6. It is not acceptable to be a "Bridezilla" or "Groomzilla".
The fact that there are television programs out there that glamorize the "Bridezilla/Groomzilla" mentality just kills me. It's not funny. It's not cute. It's not even entertaining. The whole "it's my day and it has to be my way" line of thinking is just plain unacceptable. Yes, you want a fantastic wedding day and you want to have a good time. But so do your guests, your wedding party and those who are working their hardest to make that happen. It's all about respect. Giving out as much respect for those celebrating with and working for you will be reciprocated ten fold. Having an overall nasty attitude will just damper your wedding with negativity which defeats what you were trying to achieve in the first place doesn't it?  Refer to point #3 and understand and respect that your wedding will only be as undesirable or enjoyed as your attitude.

7.  Those close to you are as nervous and excited for your wedding day as you are. (Including your wedding professionals!) 
If you have butterflies, can't sleep and are jittery the night before the wedding...guess do those close to you. Even if they don't say it or show it, they all want you to have the absolute best and most memorable wedding day and are secretly crossing their fingers for you. No matter what may transpire before the wedding day, there is nothing but love and excitement and good thoughts for you on the wedding day. So on your wedding day breathe in every laugh, every tear and every pitter-pat of your heart and feel that love and excitement in the air and enjoy one of the most happiest moments of your lives.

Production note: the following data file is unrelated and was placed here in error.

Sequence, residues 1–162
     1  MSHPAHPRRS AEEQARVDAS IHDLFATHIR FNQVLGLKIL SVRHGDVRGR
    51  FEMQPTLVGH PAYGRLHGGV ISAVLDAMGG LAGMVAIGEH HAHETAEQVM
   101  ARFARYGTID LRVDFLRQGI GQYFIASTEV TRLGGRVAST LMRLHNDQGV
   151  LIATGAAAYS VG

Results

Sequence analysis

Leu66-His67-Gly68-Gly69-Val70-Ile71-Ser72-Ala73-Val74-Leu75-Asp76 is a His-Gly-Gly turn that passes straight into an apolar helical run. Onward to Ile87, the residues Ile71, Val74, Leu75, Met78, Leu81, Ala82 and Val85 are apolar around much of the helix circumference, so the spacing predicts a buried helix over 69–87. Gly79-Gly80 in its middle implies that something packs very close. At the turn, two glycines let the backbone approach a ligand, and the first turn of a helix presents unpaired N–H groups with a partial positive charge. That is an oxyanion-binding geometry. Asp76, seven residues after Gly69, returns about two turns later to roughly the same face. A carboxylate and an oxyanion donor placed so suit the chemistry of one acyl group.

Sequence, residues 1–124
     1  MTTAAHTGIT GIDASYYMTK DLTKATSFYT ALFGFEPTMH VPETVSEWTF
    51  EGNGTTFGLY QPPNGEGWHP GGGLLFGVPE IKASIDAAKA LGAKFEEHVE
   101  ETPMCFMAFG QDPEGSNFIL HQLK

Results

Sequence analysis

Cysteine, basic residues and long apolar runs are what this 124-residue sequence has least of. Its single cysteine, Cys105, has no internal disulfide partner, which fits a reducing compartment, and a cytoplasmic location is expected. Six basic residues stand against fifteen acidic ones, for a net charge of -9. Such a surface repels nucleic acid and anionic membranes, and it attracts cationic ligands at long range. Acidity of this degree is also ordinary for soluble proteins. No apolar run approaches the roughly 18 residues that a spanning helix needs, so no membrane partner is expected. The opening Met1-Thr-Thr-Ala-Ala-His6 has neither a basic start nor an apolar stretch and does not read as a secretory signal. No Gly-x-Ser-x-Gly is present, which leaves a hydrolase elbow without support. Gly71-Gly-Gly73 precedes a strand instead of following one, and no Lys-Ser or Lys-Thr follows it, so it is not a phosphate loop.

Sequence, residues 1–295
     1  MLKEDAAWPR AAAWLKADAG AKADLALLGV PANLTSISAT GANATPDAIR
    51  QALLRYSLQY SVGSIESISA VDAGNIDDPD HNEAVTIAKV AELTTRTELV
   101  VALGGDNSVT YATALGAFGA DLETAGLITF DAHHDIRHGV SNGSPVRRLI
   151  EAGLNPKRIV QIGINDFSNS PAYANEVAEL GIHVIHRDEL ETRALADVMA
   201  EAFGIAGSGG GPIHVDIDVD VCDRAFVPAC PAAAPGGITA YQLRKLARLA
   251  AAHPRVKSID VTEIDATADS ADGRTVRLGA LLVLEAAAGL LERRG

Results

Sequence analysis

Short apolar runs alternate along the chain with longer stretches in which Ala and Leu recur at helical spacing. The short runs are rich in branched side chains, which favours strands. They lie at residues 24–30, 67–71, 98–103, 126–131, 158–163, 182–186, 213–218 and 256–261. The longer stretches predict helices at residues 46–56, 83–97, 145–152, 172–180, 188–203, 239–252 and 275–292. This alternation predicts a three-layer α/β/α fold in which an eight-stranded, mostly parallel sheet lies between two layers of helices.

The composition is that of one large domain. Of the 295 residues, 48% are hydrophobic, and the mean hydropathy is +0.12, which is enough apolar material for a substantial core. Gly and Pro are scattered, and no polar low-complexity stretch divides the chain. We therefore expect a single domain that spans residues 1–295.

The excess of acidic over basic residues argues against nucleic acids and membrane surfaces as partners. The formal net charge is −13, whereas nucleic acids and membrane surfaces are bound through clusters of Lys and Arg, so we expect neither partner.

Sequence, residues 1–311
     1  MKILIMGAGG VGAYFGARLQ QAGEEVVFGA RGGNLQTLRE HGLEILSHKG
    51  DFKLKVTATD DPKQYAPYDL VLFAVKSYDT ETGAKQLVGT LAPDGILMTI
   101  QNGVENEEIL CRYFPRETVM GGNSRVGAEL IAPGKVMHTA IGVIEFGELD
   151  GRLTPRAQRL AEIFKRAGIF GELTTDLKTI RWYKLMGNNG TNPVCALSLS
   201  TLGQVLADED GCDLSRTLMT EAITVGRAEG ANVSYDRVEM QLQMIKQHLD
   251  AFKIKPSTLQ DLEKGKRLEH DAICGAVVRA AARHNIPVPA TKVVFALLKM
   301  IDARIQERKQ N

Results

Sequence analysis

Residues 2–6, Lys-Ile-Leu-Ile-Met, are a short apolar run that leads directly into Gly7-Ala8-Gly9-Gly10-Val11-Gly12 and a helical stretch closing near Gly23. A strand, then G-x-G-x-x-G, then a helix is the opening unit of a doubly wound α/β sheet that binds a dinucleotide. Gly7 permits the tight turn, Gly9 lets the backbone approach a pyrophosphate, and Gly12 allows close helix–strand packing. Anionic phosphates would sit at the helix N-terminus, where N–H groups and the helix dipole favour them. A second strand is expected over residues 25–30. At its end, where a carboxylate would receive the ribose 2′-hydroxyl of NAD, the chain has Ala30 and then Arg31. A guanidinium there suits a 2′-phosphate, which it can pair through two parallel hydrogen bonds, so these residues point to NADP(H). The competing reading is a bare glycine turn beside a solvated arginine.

The passing of a loved one can be a difficult thing to embrace when celebrating a special occasion. And for most, honouring a loved one who has passed in a celebration can be even more difficult. How do you honor someone without bringing down the mood of the celebration is a question This Planner is frequently asked.

Here are some ways in which you can honor a loved one (or many loved ones) who have passed that cherish their memory but won't damper the mood with tears.

For a wedding ceremony, have a framed photograph of your loved one next to an enclosed candle. The candle can either be lit prior to the ceremony or can be lit during the ceremony as a special inclusion. Following the ceremony the candle and photograph are moved to the reception where it will continue to burn. Not only will this honor the loved one, but it will feel as though they are there celebrating with you.